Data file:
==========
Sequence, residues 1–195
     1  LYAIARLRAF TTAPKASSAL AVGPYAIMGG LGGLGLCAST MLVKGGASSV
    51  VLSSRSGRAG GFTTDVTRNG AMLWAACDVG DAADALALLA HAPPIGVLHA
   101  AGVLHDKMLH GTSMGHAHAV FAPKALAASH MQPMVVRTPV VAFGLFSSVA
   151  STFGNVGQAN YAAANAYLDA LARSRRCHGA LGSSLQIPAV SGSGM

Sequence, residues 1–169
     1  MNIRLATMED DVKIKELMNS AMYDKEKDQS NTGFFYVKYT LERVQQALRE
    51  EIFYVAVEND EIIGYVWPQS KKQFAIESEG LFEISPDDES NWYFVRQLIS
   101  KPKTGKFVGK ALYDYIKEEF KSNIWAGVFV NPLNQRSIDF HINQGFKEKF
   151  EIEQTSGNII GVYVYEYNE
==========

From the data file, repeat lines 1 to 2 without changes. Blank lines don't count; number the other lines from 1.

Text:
Sequence, residues 1–195
     1  LYAIARLRAF TTAPKASSAL AVGPYAIMGG LGGLGLCAST MLVKGGASSV